Melbourne’s famous ‘house of stoush’ concert hall faces demolition

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The proposed residential towers at the site of Festival Hall.

The proposed residential towers at the site of Festival Hall. Image: Rothelowman

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The proposed residential towers at the site of Festival Hall.

The proposed residential towers at the site of Festival Hall. Image: Rothelowman

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Festival Hall when it was known as Stadium. c. 1957.

Festival Hall when it was known as Stadium. c. 1957. Image: Harold Paynting Collection, State Library of Victoria

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Festival Hall when it was known as Stadium. c. 1957.

Festival Hall when it was known as Stadium. c. 1957. Image: Harold Paynting Collection, State Library of Victoria

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The proposed residential towers at the site of Festival Hall.

The proposed residential towers at the site of Festival Hall. Image: Rothelowman

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The proposed residential towers at the site of Festival Hall.

The proposed residential towers at the site of Festival Hall. Image: Rothelowman.

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It has played host to Sinatra, the Beatles and some of Australia’s greatest boxing fights, but Melbourne’s historic Festival Hall is now under threat of demolition.

A planning application has been submitted to the City of Melbourne that would see the West Melbourne stadium bulldozed to make way for two apartment towers designed by Rothelowman.

The $65 million proposal includes a pair of towers, 16- and 9-storeys respectively, that would house 179 apartments, as well as nearly 14,000 square metres of commercial space across the ground and mezzanine levels.

Within a public plaza artwork would celebrate the history of the site through reference to the concert hall’s performance stage and boxing ring. “This is placemaking that actively celebrates the tangible, cultural aspects of the site,” the architects state in the planning application.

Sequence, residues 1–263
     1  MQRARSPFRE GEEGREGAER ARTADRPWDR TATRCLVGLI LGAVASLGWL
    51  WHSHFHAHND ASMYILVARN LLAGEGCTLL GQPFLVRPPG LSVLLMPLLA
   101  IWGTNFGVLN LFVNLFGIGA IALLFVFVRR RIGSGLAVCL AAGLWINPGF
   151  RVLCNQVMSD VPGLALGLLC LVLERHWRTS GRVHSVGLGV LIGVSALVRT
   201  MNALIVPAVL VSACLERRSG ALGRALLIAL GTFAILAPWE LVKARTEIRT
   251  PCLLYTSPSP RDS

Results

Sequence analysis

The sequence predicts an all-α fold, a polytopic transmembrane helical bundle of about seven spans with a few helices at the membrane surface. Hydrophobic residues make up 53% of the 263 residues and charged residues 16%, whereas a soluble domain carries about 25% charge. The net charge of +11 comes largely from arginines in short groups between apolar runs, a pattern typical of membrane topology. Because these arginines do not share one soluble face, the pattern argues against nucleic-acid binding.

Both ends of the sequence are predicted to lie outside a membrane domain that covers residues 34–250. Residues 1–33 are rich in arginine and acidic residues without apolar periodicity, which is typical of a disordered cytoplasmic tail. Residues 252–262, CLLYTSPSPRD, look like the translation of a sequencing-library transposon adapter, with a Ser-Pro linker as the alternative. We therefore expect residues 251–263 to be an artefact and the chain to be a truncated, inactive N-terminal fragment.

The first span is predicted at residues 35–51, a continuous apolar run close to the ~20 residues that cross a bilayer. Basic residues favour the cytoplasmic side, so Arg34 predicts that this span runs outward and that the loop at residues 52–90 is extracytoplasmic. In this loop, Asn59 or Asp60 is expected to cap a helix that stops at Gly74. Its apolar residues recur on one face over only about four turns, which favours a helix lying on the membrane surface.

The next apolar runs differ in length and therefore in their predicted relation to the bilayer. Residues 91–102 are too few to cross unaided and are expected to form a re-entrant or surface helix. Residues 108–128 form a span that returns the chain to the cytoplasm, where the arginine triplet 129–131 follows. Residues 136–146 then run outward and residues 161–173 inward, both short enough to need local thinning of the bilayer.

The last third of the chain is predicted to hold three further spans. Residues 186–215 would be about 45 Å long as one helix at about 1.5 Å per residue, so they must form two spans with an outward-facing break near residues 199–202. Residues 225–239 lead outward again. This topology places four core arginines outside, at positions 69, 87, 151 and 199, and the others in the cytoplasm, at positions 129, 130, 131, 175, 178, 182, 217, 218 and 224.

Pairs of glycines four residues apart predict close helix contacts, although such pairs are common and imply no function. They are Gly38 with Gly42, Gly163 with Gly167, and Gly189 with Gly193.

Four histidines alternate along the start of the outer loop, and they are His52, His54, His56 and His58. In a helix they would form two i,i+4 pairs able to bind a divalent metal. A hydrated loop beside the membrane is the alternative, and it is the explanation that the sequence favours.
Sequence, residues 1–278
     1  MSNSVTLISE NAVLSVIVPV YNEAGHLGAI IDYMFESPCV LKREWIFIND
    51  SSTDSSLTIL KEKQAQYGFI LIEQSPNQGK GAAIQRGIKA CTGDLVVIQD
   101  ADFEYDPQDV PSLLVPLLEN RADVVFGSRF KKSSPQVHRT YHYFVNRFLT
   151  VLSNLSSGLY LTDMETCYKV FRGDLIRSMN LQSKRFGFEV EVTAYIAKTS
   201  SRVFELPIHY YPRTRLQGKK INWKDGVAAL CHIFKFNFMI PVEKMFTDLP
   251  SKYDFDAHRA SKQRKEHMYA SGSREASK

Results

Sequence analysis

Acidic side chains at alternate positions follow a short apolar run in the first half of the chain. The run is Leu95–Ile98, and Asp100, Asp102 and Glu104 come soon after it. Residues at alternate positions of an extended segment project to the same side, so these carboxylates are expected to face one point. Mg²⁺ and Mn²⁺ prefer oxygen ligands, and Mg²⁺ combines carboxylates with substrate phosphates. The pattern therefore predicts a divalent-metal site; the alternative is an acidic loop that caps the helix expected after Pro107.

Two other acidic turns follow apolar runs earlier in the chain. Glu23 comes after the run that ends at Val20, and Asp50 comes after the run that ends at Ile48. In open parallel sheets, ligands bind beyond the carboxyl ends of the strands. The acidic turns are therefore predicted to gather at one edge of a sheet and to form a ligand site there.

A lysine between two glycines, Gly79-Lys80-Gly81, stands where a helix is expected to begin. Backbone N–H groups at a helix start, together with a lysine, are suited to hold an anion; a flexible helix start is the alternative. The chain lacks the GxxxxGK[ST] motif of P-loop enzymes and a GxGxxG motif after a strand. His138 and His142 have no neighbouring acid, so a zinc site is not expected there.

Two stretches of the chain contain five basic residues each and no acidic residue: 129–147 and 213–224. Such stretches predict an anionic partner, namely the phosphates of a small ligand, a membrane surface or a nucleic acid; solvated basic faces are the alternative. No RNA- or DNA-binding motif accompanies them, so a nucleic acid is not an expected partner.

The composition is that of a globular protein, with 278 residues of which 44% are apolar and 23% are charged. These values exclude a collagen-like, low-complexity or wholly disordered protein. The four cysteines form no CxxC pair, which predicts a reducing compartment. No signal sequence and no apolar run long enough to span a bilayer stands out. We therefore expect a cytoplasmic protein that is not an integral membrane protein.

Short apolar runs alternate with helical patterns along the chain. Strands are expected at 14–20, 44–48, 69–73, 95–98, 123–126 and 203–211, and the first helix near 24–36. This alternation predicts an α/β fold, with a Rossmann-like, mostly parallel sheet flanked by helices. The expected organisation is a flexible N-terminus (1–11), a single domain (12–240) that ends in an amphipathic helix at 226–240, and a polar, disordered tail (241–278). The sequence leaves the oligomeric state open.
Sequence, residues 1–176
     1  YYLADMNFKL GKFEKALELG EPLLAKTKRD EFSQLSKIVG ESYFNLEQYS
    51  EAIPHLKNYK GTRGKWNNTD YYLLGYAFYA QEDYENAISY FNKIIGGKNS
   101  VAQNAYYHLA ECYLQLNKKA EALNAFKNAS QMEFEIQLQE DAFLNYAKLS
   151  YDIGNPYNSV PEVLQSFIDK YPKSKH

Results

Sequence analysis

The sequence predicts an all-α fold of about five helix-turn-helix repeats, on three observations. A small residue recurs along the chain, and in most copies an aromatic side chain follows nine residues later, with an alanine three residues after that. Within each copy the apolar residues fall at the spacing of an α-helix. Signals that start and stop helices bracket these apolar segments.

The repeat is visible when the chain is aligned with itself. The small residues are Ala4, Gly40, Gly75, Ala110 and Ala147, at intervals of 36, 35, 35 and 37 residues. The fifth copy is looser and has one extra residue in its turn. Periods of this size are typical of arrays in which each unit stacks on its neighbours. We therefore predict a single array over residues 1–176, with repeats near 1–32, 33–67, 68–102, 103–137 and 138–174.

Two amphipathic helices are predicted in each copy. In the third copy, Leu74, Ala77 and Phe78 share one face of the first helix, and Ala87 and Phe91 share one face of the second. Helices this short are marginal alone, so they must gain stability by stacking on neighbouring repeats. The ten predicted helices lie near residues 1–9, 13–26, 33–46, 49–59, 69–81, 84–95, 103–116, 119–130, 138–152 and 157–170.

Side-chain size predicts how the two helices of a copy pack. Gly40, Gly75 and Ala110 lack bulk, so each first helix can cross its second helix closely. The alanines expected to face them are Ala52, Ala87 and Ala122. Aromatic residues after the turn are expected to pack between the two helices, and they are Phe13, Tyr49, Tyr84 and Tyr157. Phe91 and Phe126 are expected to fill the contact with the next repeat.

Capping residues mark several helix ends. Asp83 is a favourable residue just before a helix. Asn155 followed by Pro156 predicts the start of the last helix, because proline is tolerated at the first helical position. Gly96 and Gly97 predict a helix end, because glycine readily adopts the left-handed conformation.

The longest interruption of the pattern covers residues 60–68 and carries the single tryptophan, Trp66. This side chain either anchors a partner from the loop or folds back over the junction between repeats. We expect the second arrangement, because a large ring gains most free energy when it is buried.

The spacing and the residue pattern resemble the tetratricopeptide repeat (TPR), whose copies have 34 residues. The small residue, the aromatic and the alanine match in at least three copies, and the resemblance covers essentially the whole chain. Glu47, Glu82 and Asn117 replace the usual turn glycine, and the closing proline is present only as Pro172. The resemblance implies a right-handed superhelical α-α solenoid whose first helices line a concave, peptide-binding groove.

Since details of the application have been made public, however, there has been an outpouring of grief at the potential loss of the venue.

Music luminaries including Mollie Meldrum and former red Wiggle Murray Cook have publically decried the proposal, as have a flood of music fans and advocacy group Save Live Australian Music (SLAM).

“Cultural heritage is so important and it’s overlooked in the rush to build apartments and office blocks,” SLAM co-founder Helen Marcou told The Age.  “We need more Festival Halls and less apartments and office blocks.”

Festival Hall when it was known as Stadium. c. 1957. Image:  Harold Paynting Collection, State Library of Victoria

The venue was first built in 1915 by businessman and underworld figure John Wren, chairman of Stadiums Limited. Primarily used to host professional boxing and wresting matches, it became known as the “House of Stoush” before it was destroyed by fire in 1955.

Re-built for the 1956 Olympics, it held a string of big-ticket concerts through the 1960s and has continued to hold large concerts to this day. Along with the famed 1964 Beatles concert, the hall has seen performances from the likes of Bill Haley and the Comets, Buddy Holly, Kanye West and Liam Gallahger.

Despite its impressive lineage, the architecturally plain hall has received its fair share of criticism, with Frank Zappa saying “This is a miserable place to go to a concert” and promoter Michael Gudinski labelling it “a loveable shithole.”

Nonetheless, interim heritage protection was placed on the building in March 2017 at the request of the City of Melbourne – protection that will have to be lifted for the proposal to go ahead.

At the time, Melbourne Heritage Action wrote of the council’s request, “Festival Hall […] was for many decades Melbourne’s only large-scale music and entertainment venue, and it makes up for its lack of immediate aesthetic character by housing many decades of accumulated cultural heritage.”

The proposed residential towers at the site of Festival Hall. Image:  Rothelowman

More than 100 years after it was built, Festival Hall remains in the hands of Stadiums Limited, directed by John Wren’s grandsons Chris and John Wren.

Stadiums Limited submitted the planning application to council but does not intend to build the development and is instead looking for prospective buyers. 


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